Lesson Three – Cause and Effect Sample Essay
Note: The below essay appears as it was initially reviewed by admissions officers.
SAMPLE ESSAY 1: Columbia, Musician (cello)
For some reason, my parents felt the necessity to inundate me at a young age with extracurricular activities. After school, I was always being driven from tennis to violin to swimming to cello to baseball to piano to karate to near craziness! I could have been called the world’s busiest kid at the time. From two of the activities, I have reaped the most benefits. Although my cello has been used less frequently than my tennis racquet, the musical instrument creates the most meaningful ideas in my life.
However, my appreciation for playing the cello did not come immediately. From the time I was nine years old until I left for prep school, I detested Sunday. The first day of the week was torturous “cello day”: I practiced all morning, had a lesson during the afternoon, and came home in the evening exhausted. But today, I thank austere old Professor [teacher’s name] for forcing me to learn the art in music.
With the hectic schedule I have year round, being overwhelmed is not a difficult task. Therefore, I consider playing the cello one of the most rewarding aspects of my life. Very few people have the luxury of being able to absolutely enjoying themselves in the middle of a workday. I can bomb a physics test, and then five minutes later be in heaven. Totally relaxed, I sway back and forth to the rhythm created by my bow and my fingers; both of my arms work in harmony. Eyes closed, I reach the final note and my left hand creates a slow, soothing vibrato-mediocre cello playing at its perfection.
The cello reigns as the supreme instrument in my mind. Whether blusteringly chaotic or lovingly sweet, good cello playing, with its deep, rich tones and fantastically broad range is the epitome of expression. I also have ample opportunity for the other half of art-interpretation. I feel a delight beyond description when listening to Pablo Casals or Yo-Yo Ma. I am able to just sit there and think about my life, and their masterful music can make me feel ebullience or rage. Most importantly, whether I listen to music or play it, I can reflect upon and enjoy life as one special being.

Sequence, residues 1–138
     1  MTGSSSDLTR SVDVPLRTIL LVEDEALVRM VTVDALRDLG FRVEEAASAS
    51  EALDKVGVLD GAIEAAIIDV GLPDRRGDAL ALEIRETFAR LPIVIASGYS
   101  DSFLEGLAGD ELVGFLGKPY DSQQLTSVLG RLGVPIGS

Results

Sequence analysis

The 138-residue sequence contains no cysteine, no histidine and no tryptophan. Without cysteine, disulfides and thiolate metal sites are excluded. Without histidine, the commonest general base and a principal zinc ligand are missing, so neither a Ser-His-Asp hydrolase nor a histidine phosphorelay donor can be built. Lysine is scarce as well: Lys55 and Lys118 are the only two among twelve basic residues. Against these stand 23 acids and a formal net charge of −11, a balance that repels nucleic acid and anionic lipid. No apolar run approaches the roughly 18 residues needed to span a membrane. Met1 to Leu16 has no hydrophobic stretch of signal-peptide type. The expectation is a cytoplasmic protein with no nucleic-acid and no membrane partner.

I wish the venerable Professor [teacher’s name] could be alive today to hear me play the cello. “With feeling,” he would always say. Whenever I played a note out of tune, Mr. [teacher’s name] would yell at me until I cried. But now, with my newfound love for the cello, even if he screamed in my ear, I would continue to relish my playing and let him go until he became hoarse.
This essayist does a clever job of combining his focus on the cello with gentle reminders that he is involved in much more as well. He does this by beginning with brief mention of “tennis . . . violin . . . swimming . . . cello . . . baseball . . . piano . . . karate . . ..” in the second sentence. Then he quickly hones in on the cello alone, making only one additional indirect mention of the “hectic schedule I have year round.” He wisely does not go into more detail about the other activities. This single reference is enough, since the admissions officers can easily refer to the rest of the application for more detail on his other involvements. This writer also does a good job of showing his love for the cello by painting a picture of himself playing: “totally relaxed, I sway back and forth to the rhythm created by my bow and my fingers; both of my arms work in harmony. Eyes closed, I reach the final note and my left hand creates a slow, soothing vibrato…” This image is likely to be the one that sticks in admissions officers minds, making him more memorable.